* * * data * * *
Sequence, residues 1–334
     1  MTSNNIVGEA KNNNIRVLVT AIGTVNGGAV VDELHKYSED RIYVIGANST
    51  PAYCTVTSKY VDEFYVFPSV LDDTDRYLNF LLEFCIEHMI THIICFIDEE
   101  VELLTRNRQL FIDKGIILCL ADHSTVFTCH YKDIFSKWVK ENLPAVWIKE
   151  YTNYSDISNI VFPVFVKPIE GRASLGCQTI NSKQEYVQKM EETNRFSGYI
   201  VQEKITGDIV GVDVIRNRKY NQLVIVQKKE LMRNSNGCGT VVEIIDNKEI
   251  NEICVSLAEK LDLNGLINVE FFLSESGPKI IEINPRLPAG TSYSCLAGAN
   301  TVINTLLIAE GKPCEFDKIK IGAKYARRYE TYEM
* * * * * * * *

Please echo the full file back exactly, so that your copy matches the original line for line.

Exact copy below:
Sequence, residues 1–334
     1  MTSNNIVGEA KNNNIRVLVT AIGTVNGGAV VDELHKYSED RIYVIGANST
    51  PAYCTVTSKY VDEFYVFPSV LDDTDRYLNF LLEFCIEHMI THIICFIDEE
   101  VELLTRNRQL FIDKGIILCL ADHSTVFTCH YKDIFSKWVK ENLPAVWIKE
   151  YTNYSDISNI VFPVFVKPIE GRASLGCQTI NSKQEYVQKM EETNRFSGYI
   201  VQEKITGDIV GVDVIRNRKY NQLVIVQKKE LMRNSNGCGT VVEIIDNKEI
   251  NEICVSLAEK LDLNGLINVE FFLSESGPKI IEINPRLPAG TSYSCLAGAN
   301  TVINTLLIAE GKPCEFDKIK IGAKYARRYE TYEM